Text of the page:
Follow-up on my evaluation

So I had my first evaluation/check-in with the big guys. I learned some things:

  1. I’m too hard on myself sometimes.
  2. I’ve been doing well.
  3. I’m so lucky to be where I am right now.
  4. There’s still room for improvement. There always is.

We talked about professionalism as a female too, and how unfortunate it is that some females in the profession mess things up for the ones who give their everything to be where they are. I’m not pointing fingers, but everyone knows how it is. He said he feels so bad that we have to deal with it in a male-dominated sport/athletic realm as a whole, and he couldn’t imagine how furious it would make him, and he didn’t blame any of us. It makes me very grateful to work under someone like him, however.

I can’t take any of this opportunity for granted so I’m going to take every chance I can to learn something. I am only here for one season, I need to soak in everything I can. I want to show myself (and my parents) that this was a good idea, that I wasn’t just wasting 6 months of my time living paycheck to paycheck. Anyway, they said to keep asking questions, as they like answering them and seeing us actually learn. So I’m going to keep doing that — the more I can learn at this soccer team, the more I can take this to other future soccer teams I want to work at. I decided to set 3 goals, because in school, we had mid-semester evaluations where we were to set goals for the end-of-semester evaluations.

  1. Be less lazy/lax (although I should say, be more focused/driven to do your best): this is important at practice. They mentioned I had a tendency to drift off, or focus way too hard on one thing and get tunnel vision — I need to pay more attention, but also have a wider span of focus. This reminds me of the stuff we learned in sports psych, how to reach optimal arousal for athletes and how to train athletes to do things subconsciously. So for example, this includes never sitting at practice, jogging (no need to run, but NO walking) on and off the field/between drills to give water. It’s not just about getting the guys water, it’s also about showing the coaches/athletes that you care enough to get out of their way so they can really focus on practice. It also includes making sure water bottle racks are out of the way of practice — and I always struggle with this, but I somehow miss EVERY time someone goes down at practice. Thankfully my chronic pain issues have resolved, and it’s not so much that I’m scared of my body hurting, I’m just sore from the gym and tired sometimes. So I just need to remember to push myself for that 1.5 hours of practice.
  2. Get to do more rehab plans with guys/take initiative with this: so I mentioned that I wanted to do more rehab, and we talked about ways for me to do this. Such as, guys who come in to just heat or do something small before practice, but don’t do any rehab or load the area — I just have to talk to my head AT and we’ll come up with a plan, which will mean me coming up with a rehab plan at night after work. I have to consider, too, the athlete in question — some of them will do anything to keep their bodies in top shape, some of them might not care as much. But overall I hope to accomplish this. We do a section of “correctives” to help with mobility and proper activation of muscles, and that’s what I’m primarily very interested in.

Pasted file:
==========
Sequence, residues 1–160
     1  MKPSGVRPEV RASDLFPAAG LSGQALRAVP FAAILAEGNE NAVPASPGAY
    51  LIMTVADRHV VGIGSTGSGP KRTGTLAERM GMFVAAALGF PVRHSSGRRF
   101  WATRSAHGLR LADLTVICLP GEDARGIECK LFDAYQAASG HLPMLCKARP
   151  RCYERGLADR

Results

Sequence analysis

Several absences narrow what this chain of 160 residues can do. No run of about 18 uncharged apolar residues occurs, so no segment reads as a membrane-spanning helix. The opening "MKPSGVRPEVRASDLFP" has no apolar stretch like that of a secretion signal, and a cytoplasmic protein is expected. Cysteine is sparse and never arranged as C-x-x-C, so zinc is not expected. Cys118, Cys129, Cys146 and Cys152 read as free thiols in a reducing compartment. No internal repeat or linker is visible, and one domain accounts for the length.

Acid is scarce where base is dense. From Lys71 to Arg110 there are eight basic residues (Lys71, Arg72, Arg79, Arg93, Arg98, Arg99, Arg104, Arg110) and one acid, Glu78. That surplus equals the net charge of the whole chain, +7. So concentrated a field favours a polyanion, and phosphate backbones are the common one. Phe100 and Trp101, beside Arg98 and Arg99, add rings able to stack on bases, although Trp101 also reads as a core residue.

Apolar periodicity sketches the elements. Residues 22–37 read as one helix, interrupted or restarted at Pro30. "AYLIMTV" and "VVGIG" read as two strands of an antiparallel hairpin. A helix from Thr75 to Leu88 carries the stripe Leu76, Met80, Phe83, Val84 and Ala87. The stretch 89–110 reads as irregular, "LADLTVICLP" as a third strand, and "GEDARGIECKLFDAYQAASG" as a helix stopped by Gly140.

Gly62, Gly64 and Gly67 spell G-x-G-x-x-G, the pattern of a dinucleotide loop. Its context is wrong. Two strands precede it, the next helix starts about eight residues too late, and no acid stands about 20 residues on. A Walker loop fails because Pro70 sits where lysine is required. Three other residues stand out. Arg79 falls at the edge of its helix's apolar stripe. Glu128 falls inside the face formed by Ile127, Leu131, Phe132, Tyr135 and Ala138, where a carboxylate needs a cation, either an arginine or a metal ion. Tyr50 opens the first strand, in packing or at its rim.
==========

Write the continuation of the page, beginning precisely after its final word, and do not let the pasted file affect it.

3. Work on professionalism: so this goes back to the first one a bit, but another thing is sitting in the AT room. Don’t sit unless everything you need to do has been done, and sit properly. Sit on the stools, edges of tables — but do not sit all the way up on a table like the athletes do. If a coach or a general manager walked in and they saw that…not a good look. At least 3x in my AT career, I’ve been talking very loudly when coaches are trying to have a team meeting…I did it once this season with the 2nd team during a pre-game meeting, I was embarrassed for quite a long time. So this is something else during very important games…I hate saying this, but don’t speak unless you’re spoken to and all that, or be seen and not heard or whatever unless it pertains to your immediate task. I don’t have to be a stone cold gargoyle, but it’s just something to think about.

I have to remember, again, that first impressions, and impressions in general matter. In professional sports, especially something you may want to be in one day, you never know who you’ll run into again. Even if you have to jog a coach’s memory to remind them that you were an intern __ years ago at their old team…they may remember you, and that can be either a good thing or a bad thing. So do your best to make them all GOOD memories and impressions! That goes back to being hard-working and focused at practice!

So I’ll probably come back to this in about a month and see how I’ve done with my goals. It’ll be around the time I start my second job, anyway, which is way more independent so I’m excited. Also, I got the go-ahead on my recommendation letters, so here’s to getting into graduate school! Yay!




Athletic trainer, coffee lover, looking for a hobby I don’t have time for. I write about fitness, mental health, being Asian-American, and personal growth.

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Jen Xu

Jen Xu

Athletic trainer, coffee lover, looking for a hobby I don’t have time for. I write about fitness, mental health, being Asian-American, and personal growth.

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